Tuesday, February 7, 2012

Tribute to Dr. Toh Chin Chye

Dr. Toh Chin Chye, as we have discovered recently, in many unusually long and sustained news reports of his life and times, is a man of the people. These copious reports are a direct contrast to the deafening silence about him since the 1980s. What nobody spoke or wrote about was his cultural hopes for the nation, and this was manifested at the University of Singapore where he was Vice-Chancellor (1968-1975). In 1968 he launched the University of Singapore Military Band (USMB). It led to the birth of an extensive extra-curricular music and dance programme in the 1970s and beyond. But lurking behind his mind was the need for a cultural renaissance from the ground.

I first met Dr. Toh in person in 1967 when he came to St. Joseph’s Institution to preside over the Founders Day celebrations. He presented to me the highest award in the school that year for my activities in music. Upon entering the University of Singapore in 1968, I discovered that he had remembered meeting me, and he wanted me to work with Mr. Gerry Soliano, the legendary bandleader at Raffles Hotel, whom he employed to set-up the first formal music activity at SU.

In the process of working on the band, I discovered he had other plans, foremost of which was to set up a Music Department under the Faculty of Arts and Social Sciences. Two legendary musicians, Dr. Lucrecia Kasilag from the Philippines and Professor Frank Callaway from the University of Western Australia, were invited to advise and write a report for this. Both these persons became my mentors.

It was an exciting time personally for me as a student leader in musical activities on campus. I took Dr. Toh’s offer of a job and stayed on at SU after graduation to further assist with the development the extra-curricular programme, and also to help with the administration of the pending Music Department. It was established in 1972. Very sadly things did not develop according to plan. Dr. Toh left SU in 1975. The Music Department was closed by 1978. I left in the same year for higher musical study at the College of Music at the University of the Philippines. It was my choice to go there and not to USA or UK. I was in pursuit of knowledge that Euro-American did not have. How could they when a place like the Philippines was struggling to create this knowledge.

Dr. Toh had a profound effect on me because he taught me, through his deep nationalism, that the route to becoming a multicultural nation is not easy. If it was difficult for other disciplines then it must be doubly hard for music. I majored in Political Science, which ironically again, was closed down in my final year. Culture was an important component of nation building. It was Dr. Toh’s legacy in initiating the Music Department, so that music and musicians could have a professional platform to study musical phenomenon and respond to nation building.

His choice of Kasilag and Callaway from this side of the world, and not the default tendency to reach out to Euro-America, was innate wisdom as a statesman of a multicultural state like Singapore. Dr. Toh’s vision for music was to first understand the local needs and then work out to the peripheries of the abstract. Not to start with the abstract and always stay irrelevant. The report recommended balance between East and West - but there was no blue print to achieve it. This is where the fault lines were. This was the confluence where knowledge had to be created.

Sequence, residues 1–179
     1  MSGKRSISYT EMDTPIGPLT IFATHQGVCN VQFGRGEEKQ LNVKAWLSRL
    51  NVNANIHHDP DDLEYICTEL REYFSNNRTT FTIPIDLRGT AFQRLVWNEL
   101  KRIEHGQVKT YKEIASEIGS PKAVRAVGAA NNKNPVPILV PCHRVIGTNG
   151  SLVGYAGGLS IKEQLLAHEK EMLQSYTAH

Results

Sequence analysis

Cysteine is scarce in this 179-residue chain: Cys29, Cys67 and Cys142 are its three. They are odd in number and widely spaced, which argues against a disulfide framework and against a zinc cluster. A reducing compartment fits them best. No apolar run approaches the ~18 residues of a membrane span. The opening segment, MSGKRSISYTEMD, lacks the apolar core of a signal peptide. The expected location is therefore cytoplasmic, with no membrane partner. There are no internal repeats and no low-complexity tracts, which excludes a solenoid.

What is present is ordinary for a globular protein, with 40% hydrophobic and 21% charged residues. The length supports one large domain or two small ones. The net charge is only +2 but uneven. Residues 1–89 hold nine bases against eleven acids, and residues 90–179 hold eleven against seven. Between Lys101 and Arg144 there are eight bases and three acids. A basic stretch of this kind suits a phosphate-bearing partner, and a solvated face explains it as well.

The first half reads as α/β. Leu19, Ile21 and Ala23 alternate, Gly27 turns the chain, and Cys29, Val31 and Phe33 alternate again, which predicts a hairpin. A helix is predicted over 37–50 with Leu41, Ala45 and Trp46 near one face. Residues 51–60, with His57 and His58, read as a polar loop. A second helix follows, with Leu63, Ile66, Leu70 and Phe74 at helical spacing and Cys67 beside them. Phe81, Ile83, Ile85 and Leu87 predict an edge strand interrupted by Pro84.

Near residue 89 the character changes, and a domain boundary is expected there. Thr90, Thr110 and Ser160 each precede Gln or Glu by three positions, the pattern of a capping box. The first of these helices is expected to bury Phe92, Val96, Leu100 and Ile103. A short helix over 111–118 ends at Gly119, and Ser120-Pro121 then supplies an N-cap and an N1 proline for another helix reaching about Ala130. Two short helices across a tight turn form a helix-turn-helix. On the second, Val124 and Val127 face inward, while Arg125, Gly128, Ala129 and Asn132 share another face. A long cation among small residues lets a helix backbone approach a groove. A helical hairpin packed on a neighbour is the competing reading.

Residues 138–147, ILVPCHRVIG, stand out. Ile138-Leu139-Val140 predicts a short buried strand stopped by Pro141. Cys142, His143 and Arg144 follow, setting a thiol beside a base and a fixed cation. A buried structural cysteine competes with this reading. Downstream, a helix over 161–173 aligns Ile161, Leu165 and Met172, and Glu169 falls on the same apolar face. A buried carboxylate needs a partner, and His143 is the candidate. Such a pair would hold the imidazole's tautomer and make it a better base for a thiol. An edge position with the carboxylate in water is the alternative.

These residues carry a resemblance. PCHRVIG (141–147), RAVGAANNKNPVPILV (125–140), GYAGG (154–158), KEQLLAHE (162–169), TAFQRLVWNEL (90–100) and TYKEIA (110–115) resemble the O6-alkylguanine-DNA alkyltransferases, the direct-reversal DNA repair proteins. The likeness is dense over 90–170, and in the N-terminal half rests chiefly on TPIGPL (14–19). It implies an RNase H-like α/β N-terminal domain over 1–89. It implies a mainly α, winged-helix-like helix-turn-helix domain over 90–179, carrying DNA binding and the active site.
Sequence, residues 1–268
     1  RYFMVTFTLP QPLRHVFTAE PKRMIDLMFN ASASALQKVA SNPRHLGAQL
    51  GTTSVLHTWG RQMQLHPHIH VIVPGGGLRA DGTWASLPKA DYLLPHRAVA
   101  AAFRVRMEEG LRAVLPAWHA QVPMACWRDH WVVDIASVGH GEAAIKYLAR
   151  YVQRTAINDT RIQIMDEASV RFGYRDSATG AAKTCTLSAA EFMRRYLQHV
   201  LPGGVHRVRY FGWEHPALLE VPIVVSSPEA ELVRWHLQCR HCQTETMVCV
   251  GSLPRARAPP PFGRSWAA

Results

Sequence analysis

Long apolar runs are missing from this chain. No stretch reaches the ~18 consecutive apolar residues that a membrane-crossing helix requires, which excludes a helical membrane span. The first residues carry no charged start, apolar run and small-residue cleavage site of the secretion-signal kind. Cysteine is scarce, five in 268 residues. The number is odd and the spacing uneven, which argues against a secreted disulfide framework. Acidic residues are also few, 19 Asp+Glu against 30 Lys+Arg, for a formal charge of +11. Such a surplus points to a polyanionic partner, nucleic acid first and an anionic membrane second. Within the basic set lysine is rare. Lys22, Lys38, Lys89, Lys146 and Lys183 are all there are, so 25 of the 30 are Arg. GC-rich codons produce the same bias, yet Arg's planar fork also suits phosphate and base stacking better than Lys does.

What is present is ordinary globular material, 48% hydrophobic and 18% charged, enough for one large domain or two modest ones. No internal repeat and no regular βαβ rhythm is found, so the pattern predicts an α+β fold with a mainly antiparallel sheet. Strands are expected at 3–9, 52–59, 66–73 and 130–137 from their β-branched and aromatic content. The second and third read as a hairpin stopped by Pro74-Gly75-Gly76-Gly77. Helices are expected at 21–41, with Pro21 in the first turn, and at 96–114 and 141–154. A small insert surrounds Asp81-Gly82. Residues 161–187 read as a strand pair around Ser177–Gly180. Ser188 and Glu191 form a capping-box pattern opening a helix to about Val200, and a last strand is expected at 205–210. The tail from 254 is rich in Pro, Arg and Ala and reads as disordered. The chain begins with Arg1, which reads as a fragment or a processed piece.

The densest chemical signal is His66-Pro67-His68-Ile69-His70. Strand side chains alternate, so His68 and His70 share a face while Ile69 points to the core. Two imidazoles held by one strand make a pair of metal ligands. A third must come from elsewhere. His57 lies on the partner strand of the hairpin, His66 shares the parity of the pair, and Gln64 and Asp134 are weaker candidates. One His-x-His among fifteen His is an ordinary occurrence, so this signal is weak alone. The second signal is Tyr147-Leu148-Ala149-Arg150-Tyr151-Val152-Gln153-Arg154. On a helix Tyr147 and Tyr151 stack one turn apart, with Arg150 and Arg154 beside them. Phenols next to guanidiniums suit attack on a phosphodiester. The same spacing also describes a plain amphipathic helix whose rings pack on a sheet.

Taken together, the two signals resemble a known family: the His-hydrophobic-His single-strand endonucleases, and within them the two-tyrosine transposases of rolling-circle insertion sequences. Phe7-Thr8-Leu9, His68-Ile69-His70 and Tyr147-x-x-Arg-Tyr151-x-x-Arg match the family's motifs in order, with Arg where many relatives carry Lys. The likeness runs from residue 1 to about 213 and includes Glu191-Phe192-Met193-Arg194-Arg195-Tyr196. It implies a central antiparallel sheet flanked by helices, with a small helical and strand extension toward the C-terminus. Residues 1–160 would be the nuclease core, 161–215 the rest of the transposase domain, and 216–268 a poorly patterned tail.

Professional musical experience of Singapore at that time was narrow. The method and accreditation of the Associated Board of the Royal Schools of Music was the only formula that people could and would understand. The aggrandizement of music as a profession was neither the policy nor the principle. Singapore did not have an abundant manpower base then, so it was not something that was up front in discussions. It was meant to be small but focused.

The lecturers employed for the Music Department were all Asian but trained in Britain and USA. It was a middle point to start and which Dr. Toh agreed. But, it turned out to be a shadow dance of mismatched ideas and personalities. Many times I was caught in the middle of diplomatic discords between the music staff and him. It was unfortunate that all sides saw this not as a set of developmental problems that needed deep methods and a time frame to solve, but as a zero-sum football game, where the musical football had no design, no designer, and the referee and the lines-persons had no reference point to make crucial decisions. No effort was put into this. The department had 12 students and they did music as a minor subject – and that was all that was produced.

Running parallel to the department was an ever growing and popular extra-curricular progamme that worked entirely on enthusiasm, and fully funded by the university. Thus, the closing of the Music Department did not generally make any impact. But it did to me.

The Kasiliag-Callaway Report was and still is one of the finest that was done, but incomprehensible as a document if it had produce results immediately. Copy and follow was (and still is) the only method we know for music. To maintain the balance between East and West, there was no place we could go to copy and follow. So, the report lay there as a document that was gradually forgotten. I decided that I would follow a private path to try and understand the dynamics of the East-West divide in music. It seemed to be the sacred spot where things could fall out of balance. Someone has to work on this patch.